Ethan Hawke, with a keyboard at the ready, sings The Kinks “Waterloo Sunset” during a standout moment in Juliet, Naked. These beautiful touches are sprinkled throughout this music infused story that’s blessed with a trio of beautifully rendered performances (Hawke, Chris O’Dowd, and Rose Byrne).
Tucker Crowe (Ethan Hawke) was an indie rock singer-songwriter who gained fame thanks to the album Juliet. After abruptly leaving a performing gig at a club called the Pit, Tucker disappeared without a trace. Duncan (Chris O’Dowd) is a film professor at a British seaside town who has been obsessed with Tucker’s music for years, and he chats with fellow Tuckerholics on a fan site he created.
Annie (Rose Byrne), a local museum curator who was initially swept off her feet by Duncan some 15 years ago, is understandably tired of his Tucker fandom, and things get a bit more annoying after a demo CD featuring a rough, acoustic version of Juliet lands at their doorstep. While Duncan hails this lost piece of music as a masterpiece, Annie swings the opposite direction, and throws in a few negative comments on Duncan’s website. When Tucker emails her and agrees with her pointed assessment, their secret correspondence turns into a friendship and an inevitable meeting in London.
With Annie yearning to be a mother and her relationship with Duncan going south, a romance with a rocker may be a step in the right direction. Now in his late ’40s, Tucker is not exactly the pillar of responsibility (but not for a lack of effort). Living in an upstate New York garage (his ex-girlfriend owns the home) and being a stay at home dad to his 6-year-old son Jackson (a memorable Azhy Robertson), Tucker is also father to three other children. Sporting an intended pot belly, rumpled look, and an easygoing charm, Hawke is great as Tucker (the actor recently said this character may be an extension of Reality Bites’ Troy Dyer).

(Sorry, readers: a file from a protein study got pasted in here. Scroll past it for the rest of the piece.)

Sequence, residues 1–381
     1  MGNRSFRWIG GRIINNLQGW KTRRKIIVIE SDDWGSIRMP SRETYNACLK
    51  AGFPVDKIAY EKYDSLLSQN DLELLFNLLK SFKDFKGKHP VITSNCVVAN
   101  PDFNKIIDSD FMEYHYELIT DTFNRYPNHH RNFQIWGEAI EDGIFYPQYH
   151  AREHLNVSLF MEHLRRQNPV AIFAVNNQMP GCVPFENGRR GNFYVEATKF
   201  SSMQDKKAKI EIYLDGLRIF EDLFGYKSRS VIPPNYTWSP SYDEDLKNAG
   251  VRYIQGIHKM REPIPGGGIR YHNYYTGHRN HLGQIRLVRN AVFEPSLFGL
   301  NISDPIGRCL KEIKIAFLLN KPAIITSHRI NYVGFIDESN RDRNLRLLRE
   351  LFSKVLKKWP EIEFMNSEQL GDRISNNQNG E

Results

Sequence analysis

Chris O’Dowd also brings a knowing humanity to Duncan, as he delivers a poignant speech about loving one’s heroes, even if said artist really doesn’t give a damn. Filmmaker Jesse Peretz, a founding member of The Lemonheads, knows a thing or two about the indie scene from the early ’90s, and the original music featured in the flick are a perfect complement to the story (one of the compositions is from Conor Oberst, who contributed the track “LAX”):
The film’s true heart and soul resides with Rose Byrne, an actress whose first rate and varied work (TV’s Damages, the overlooked sci-fi epic Sunshine, and don’t forget the Insidious and Neighbors flicks) should place her amidst the top echelon of actors. Just like Annie, Byrne’s unassuming and dependable nature (and refreshing desire not to grab the spotlight) places her right square in the middle, admiring the aforementioned “Waterloo Sunset.” Byrne hits the right notes as Annie, and her search for a better life anchors this surprisingly compelling narrative. At a distance, Juliet, Naked may seem like a gimmicky premise stuffed into a light romantic comedy, but it thankfully delves into much deeper territory.
The fictional seaside town captured in Juliet, Naked, even though Annie is bored with her lifelong environment, is also a sight to behold. Its tranquil corner of the world is seductive, and whether it’s bemoaning her state with Duncan or carving out a new bond with Tucker, living by the waters and wiling away your days sounds like a great alternative. But Annie, along with the other folks who fill her days (Lily Brazier co-stars as her romance at the ready sister), understand there is much more music left to be played, and thankfully, the song doesn’t have to remain the same.
Based on the Nick Hornby novel, Juliet, Naked opens in theaters August 17.
Rating: 4 out of 5